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Published on Thursday, 11 August 2011

4 stars

C venues - C aquila (venue website)
4-26 Aug, 9:40pm-10:35pm
Reviewed by Miriam Vaswani

 Parental Guidance. Parents or guardians should consider the content of this show if children are attending.

Babushka, the story of an elderly St Petersburg woman and survivor of the Seige of Leningrad who unexpectedly finds a painting of her dead husband in the Hermitage, is a mix of Vaudeville, romance, tragedy and old-fashioned storytelling. Fortunately, the risky combination works well.

The actors from Cambridge Univeristy Amateur Dramatic Club change character rapidly and effectively, and deliver confident, humorous performances. Two onstage musicians – a violinist and pianist – add depth to the story. I was particularly impressed with Janine on keyboard, who doubled as actor.

The stooped and bewildered babushka, though constantly onstage, speaks occasionally and only in Russian – while the others tell her story and jostle her from scene to scene. This made her later, solitary appearance onstage far more poignant.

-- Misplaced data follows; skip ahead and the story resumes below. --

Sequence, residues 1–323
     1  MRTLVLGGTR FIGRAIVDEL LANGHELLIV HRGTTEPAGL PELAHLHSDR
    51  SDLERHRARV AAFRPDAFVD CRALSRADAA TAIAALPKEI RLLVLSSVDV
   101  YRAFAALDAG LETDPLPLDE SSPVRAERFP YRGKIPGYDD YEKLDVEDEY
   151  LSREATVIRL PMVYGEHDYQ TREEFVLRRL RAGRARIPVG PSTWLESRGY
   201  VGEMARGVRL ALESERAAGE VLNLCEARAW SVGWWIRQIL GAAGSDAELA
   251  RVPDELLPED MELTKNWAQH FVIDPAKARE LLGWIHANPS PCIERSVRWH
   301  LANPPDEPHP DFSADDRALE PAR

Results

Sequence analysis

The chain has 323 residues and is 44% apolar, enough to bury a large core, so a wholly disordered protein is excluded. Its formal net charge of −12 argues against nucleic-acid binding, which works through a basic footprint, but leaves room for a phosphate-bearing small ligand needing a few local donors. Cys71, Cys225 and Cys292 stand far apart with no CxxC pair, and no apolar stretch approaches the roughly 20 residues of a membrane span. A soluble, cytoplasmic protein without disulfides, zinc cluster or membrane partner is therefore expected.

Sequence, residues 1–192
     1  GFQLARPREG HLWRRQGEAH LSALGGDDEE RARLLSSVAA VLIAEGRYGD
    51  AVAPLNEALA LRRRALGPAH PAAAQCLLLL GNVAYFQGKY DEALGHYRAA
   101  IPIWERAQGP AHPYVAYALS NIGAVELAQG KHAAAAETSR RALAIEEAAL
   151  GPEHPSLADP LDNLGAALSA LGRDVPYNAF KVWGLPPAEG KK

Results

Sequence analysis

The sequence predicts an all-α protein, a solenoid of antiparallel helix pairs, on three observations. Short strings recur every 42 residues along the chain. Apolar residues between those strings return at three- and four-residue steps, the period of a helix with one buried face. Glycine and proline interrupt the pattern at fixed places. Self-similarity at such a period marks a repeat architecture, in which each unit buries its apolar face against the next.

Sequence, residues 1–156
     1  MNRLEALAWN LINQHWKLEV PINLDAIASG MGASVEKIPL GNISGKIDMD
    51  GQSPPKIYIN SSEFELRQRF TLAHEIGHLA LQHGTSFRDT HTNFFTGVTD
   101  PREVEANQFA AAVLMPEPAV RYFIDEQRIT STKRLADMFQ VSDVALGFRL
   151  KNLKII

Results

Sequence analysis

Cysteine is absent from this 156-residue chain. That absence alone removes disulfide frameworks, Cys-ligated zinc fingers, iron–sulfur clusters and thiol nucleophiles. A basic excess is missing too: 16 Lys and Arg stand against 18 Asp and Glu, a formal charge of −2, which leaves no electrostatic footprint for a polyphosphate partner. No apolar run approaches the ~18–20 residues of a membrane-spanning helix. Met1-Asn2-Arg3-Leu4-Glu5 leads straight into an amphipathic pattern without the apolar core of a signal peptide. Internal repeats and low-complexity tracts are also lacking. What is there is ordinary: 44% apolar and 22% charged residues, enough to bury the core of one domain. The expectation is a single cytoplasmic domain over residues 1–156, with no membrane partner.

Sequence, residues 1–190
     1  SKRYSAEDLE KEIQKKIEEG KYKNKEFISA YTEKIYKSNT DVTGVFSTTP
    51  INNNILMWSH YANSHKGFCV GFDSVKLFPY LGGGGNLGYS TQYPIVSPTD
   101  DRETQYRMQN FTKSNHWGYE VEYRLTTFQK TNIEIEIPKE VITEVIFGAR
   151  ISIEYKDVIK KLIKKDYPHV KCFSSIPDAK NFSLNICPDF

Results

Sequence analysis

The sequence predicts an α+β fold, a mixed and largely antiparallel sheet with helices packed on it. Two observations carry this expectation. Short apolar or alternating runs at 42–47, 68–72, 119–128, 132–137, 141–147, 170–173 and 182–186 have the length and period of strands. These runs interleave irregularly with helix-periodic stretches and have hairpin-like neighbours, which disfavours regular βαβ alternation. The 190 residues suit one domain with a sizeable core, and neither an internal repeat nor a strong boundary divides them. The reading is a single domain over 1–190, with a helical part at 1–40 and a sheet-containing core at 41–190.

The stage design makes use of simple technology, and objects frequently moved around by the actors to create a changing environment and rapidly moving story. Russian newspaper becomes priceless art, candles a forest. A rough wooden square becomes the priceless object central to the story.

The play’s use of language is inventive, though occasionally fell flat, most notably shifts of accent. Giving the wealthy Russian art buyer a southern American accent was clever, as was the auctioneer’s Yorkshire, but the Russian accents at times seemed unrehearsed and awkward (at least to me, as someone who lives there).

But the crowded stage, rapid pace, dark subject matter and shifting cast of eccentric characters effectively conveys a feeling of bittersweet Russian romance. Babushka is an entertaining, clever show.

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